¿It does not take a second to destroy the confidence, but building it takes years,¿ says Mohammed Shafi Qureshi, chairman of the National Minorities Commission. He is right there. This has been the refrain of several articles I wrote for the Hoot. Sting operations do not help this confidence-building process. If it is justice that these good Samaritans are talking about, I want to remind them that the justice system has not collapsed in India and that it is the judiciary which transferred hundreds of cases out of Gujarat, which sent Zaheera Sheikh to jail, which acquitted Delhi lecturer Geelani, which passed strictures against the Gujarat administration and which has handed life terms to eight arsonists in Gujarat yesterday.

 

The continued media schmaltz makes the Muslim more a problem than an issue. The road to hell is paved with good intentions. To all those who think the Muslims are more backward than others (as the Sachar report suggests) I ask them to read Sainath¿s reports documenting the story of poverty, illiteracy, backwardness and exploitation that is true of all communities, not Muslims alone. The problems that confronted Muslims in HT stories confront other communities too. The HT coverage points to what is possible and what is desirable.

 

The temptation to talk about injustice to Muslims befits vote-seeking politicians and not the media. I appeal to media to stop reviving memories of communal conflict just to demonstrate their secular credentials. The victims of such reporting are again Muslims only. The Muslims need help and not sympathy. The wise among them are grabbing opportunities available to them in a burgeoning economy, are learning English like the students in the Al Munim Islamic English school in the HT story, and doing in short what everyone else is doing to come up in life without breaking law. Help them.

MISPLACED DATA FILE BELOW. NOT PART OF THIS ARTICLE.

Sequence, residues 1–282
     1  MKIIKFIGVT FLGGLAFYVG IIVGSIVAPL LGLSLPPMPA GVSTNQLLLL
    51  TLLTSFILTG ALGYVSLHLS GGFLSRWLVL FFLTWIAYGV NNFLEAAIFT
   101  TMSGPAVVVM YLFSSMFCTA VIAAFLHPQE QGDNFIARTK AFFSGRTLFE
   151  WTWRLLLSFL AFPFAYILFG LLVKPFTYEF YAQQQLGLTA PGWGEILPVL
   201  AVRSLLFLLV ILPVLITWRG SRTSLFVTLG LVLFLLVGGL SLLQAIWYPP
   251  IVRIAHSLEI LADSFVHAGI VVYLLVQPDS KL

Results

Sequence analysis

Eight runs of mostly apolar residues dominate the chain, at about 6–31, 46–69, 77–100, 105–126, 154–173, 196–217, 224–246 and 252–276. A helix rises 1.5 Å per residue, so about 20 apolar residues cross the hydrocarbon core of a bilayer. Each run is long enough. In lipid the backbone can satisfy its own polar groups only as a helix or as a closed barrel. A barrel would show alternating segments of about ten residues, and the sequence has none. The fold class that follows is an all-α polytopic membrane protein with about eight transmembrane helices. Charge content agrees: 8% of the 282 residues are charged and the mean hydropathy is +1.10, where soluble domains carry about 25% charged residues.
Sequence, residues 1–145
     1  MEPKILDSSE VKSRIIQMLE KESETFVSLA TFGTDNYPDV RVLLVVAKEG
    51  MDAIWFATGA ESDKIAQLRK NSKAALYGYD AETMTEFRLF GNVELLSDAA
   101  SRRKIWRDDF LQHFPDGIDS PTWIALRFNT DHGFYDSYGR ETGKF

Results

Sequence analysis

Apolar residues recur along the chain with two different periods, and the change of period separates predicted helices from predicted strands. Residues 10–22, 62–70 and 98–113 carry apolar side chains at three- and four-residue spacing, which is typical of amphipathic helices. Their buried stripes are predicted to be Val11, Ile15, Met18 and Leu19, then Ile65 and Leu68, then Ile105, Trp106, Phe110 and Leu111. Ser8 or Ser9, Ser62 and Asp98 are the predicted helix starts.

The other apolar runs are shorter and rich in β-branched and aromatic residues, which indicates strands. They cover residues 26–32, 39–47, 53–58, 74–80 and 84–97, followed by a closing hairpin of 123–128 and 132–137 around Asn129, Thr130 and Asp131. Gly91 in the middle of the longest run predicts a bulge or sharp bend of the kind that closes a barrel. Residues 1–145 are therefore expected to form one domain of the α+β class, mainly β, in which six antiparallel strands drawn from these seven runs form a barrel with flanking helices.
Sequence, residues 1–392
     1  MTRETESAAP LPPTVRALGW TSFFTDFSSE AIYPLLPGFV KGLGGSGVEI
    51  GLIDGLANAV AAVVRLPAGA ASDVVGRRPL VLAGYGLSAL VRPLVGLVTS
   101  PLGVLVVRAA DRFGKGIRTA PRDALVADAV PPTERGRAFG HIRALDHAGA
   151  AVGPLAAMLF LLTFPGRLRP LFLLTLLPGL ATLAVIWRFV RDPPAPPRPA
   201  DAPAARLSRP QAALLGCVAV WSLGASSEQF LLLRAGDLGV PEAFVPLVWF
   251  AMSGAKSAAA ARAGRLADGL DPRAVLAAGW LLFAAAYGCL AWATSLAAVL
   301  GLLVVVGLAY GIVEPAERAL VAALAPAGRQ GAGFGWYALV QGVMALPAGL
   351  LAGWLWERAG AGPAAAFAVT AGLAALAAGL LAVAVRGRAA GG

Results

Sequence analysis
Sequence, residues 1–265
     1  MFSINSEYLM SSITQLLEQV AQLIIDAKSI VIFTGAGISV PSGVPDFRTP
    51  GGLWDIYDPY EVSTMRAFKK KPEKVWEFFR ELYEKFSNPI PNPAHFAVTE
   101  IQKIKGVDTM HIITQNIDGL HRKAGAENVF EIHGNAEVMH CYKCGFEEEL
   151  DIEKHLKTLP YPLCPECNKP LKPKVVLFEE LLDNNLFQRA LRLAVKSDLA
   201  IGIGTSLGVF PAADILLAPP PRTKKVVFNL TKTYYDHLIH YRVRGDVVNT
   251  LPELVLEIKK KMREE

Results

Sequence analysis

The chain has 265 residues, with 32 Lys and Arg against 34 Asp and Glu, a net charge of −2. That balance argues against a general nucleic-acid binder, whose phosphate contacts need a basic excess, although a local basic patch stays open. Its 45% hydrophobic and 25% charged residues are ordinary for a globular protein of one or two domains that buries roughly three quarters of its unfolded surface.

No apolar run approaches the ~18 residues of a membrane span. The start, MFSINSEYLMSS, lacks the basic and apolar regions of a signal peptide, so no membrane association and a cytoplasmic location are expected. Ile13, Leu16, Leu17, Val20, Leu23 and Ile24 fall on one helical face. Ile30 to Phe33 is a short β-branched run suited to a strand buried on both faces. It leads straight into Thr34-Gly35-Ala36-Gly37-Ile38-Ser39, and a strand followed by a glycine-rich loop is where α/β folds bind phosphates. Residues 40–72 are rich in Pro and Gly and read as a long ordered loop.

Basically, the Indian people are secular in the real sense. It is that trait that has helped the Madhubalas and the Meena Kumaris, the Khan tribe to dominate the Indian film industry, the Azharuddins and Nawab of Pataudis to skipper Indian teams, three Muslims to become presidents of the republic, Bismillah Khans and Parveen Sultanas to rule the world of Indian music, not to speak of M.F.Hussains, Sania Mirzas, Salim Alis and Azim Premjis and scores of other Muslim luminaries. This is the general trend occasionally marred by communal conflict. It is the duty of the media to strengthen this constituency of The New Muslim.

 

The HT stories, however, betray poor editorial briefing. The reporters, most of them non-Muslims, were too deferential to ask the interviewees questions about their emphasis on religiosity. Samar Halarnkar, like Jyoti Punwani who went into raptures at the sight of a Hindu woman wearing a hijab, does not think it is odd to ask non-Muslim women to come to work in hijab. Such reticence comes from a subconscious perception that they are different from us. Anyway, the anticlimax is that The New Muslim is not new. He has always been there, undiscovered by the Rip van Winkles of the media. Welcome him/her.